- ETF solution
- Advisors can create an ETF, which allows them to vertically integrate into the asset management aspect of the business and compete with monopolistic competitors.
Sounds Compelling. What are the Downsides of launching an ETF?
At the outset, we stated that while we are trying to lower barriers to entry on the ETF wrapper, we can’t make it super cheap/easy. The reality is that launching an ETF will always be a relatively expensive and complex operation. Below we discuss some of the complexities and costs specific to advisors contemplating the launch of an ETF:
- ETF startup and ongoing costs:
- The typical costs are $50k startup, $175-$225 ongoing fixed costs, and variable costs as you scale the ETF’s assets. Here is a post with more details.
- One should only consider an SMA conversion if you have at least $25mm in hand, and it is preferable to have $50mm or more.
- Tax-free conversion complexity:
- To convert low-basis securities into an ETF, you can expect additional upfront costs, extensive client communication/education efforts, and compliance with Treasury and SEC hurdles.
- Compliance and billing complexity:
- When an advisor creates an ETF, they create an affiliated fund conflict of interest. The advisor will need to update their disclosures and implement systems to manage and document that, despite their potential conflict of interest, their decision to use affiliated funds is in the best interest of their clients.
- We often recommend that advisors seek to keep their clients “net neutral” on direct costs. For example, if an advisor charged 1% on an SMA, but now that SMA owns an ETF that costs .50%, the advisor would drop the SMA charge to .50%. This would ensure that the client is only paying 1% in fees, but also gaining access to the ETF’s benefits. One can arrange situations where the overall fees to the client are higher. Still, the burden is on the advisor to show that the higher costs are outweighed by higher potential benefits and is, therefore, in the best interest of the client. Of course, all of this requires flexible systems and updates to the billing system.
- Culture change management:
- We often identify situations where the status quo is incredibly powerful and “shaking things up” will be frowned upon by executive teams who are more concerned with maintaining their current lifestyle and less concerned with the business’s future and/or their client’s outcomes. Adding an ETF can often be a bridge too far for static organizations.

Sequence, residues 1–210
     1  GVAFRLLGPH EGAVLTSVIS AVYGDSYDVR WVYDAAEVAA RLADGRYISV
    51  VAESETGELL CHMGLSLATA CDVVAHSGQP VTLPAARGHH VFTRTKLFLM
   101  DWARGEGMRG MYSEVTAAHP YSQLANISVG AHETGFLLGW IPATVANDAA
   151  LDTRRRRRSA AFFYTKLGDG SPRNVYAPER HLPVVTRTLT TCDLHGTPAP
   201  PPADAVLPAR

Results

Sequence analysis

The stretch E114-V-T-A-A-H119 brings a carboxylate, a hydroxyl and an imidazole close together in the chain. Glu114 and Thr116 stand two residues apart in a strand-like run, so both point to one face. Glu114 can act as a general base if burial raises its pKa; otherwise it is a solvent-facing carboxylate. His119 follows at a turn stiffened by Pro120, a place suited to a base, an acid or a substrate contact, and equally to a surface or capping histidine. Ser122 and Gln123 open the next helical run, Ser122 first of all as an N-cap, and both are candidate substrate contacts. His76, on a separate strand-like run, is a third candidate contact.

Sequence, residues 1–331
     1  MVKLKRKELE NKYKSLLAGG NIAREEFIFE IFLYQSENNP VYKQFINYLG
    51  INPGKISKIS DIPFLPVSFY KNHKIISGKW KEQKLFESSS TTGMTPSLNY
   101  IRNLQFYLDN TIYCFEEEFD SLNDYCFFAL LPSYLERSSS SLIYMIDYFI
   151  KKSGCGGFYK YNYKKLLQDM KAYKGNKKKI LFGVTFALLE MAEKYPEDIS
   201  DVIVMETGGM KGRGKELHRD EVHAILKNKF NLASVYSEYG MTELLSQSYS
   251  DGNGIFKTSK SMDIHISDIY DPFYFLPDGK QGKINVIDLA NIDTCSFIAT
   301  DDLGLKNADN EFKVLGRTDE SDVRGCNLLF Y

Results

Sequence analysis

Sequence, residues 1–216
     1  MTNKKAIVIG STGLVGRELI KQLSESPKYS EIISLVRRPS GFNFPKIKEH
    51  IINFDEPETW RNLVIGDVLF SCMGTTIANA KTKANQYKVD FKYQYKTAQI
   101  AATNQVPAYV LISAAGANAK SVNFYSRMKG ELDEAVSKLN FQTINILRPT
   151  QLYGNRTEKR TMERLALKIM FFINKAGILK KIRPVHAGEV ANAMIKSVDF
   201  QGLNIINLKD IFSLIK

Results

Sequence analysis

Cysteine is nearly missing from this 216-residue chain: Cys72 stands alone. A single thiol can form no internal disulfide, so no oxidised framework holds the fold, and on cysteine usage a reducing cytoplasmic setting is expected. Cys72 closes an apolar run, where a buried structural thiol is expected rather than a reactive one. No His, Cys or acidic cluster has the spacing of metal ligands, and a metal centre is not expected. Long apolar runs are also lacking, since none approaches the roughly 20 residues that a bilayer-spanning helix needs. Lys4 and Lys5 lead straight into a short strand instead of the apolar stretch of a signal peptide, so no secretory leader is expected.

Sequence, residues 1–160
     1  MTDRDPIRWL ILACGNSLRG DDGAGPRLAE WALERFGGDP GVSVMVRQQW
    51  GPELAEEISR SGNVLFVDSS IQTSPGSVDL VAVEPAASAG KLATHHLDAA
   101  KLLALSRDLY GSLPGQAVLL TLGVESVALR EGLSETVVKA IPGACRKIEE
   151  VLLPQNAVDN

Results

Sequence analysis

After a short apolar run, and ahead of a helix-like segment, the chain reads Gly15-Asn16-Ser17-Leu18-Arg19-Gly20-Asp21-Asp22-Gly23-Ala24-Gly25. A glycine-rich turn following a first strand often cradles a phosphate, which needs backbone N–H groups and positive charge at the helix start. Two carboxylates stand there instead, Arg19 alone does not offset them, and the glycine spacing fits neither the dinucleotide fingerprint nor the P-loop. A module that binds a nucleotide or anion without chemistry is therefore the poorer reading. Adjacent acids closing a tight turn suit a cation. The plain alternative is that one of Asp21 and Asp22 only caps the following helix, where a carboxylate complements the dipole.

- We believe transparency benefits the ETF structure, but sometimes advisors are concerned that too much transparency may conceal a weak value proposition, expose their intellectual property, or lead to poor investor behavior. There is merit to these arguments.
- Advisors often note that managed accounts are “sticky” and it is difficult for clients to leave once they have established an SMA. In contrast, an ETF, which is too simple/easy, may lead to clients leaving. On the one hand, this could be true; on the other hand, if an advisor has a weak value proposition, the client will eventually leave that advisor anyway. In addition, because the ETF structure rarely distributes capital gains, taxable investors will be reluctant to sell a low-basis ETF position. This tax-adverse reaction may increase client stickiness and improve client behavior (i.e., force clients to be long-term investors).
The ETF wrapper is not a panacea, but the tax efficiency, easy access, and transparency are powerful benefits to bring to a client. This can be a competitive advantage for an RIA firm facing competition from larger firms. We envision a future where accessing the ETF wrapper is cheaper and more user-friendly for financial professionals. We are on the frontier of building creative solutions to help investors improve their after-tax, after-fee investment outcomes. Please contact us if you’d like to learn more.
|↑2||Here is a link on how to launch an ETF.|
|↑3||Adjusted for inflation, which could be substantial in the current environment.|
|↑4||Financial advisors often claim that they do not have conflicts of interest, but if they didn’t have conflicts of interest, the SEC would not require a compliance manual! The reality is all fiduciary advisors have indirect and direct conflicts of interest that need to be managed, but the mission should never change: help clients win. I bring this up because advisors often mention that because they don’t get paid based on the investment products they choose, they don’t have any conflicts of interest. We could write an entire book on why this is fraught with poor logic. But one thing is clear, if an advisor sets up an ETF, there is a direct conflict of interest identified in the eyes of regulators — the fiduciary advisor may prefer to allocate to their ETF versus whatever they were allocating to previously. And while this might be true, what if the allocation is no different, but the outcome is greatly improved for the client? In some sense, one could argue that not delivering their advice via an ETF is worse for the client in many circumstances.|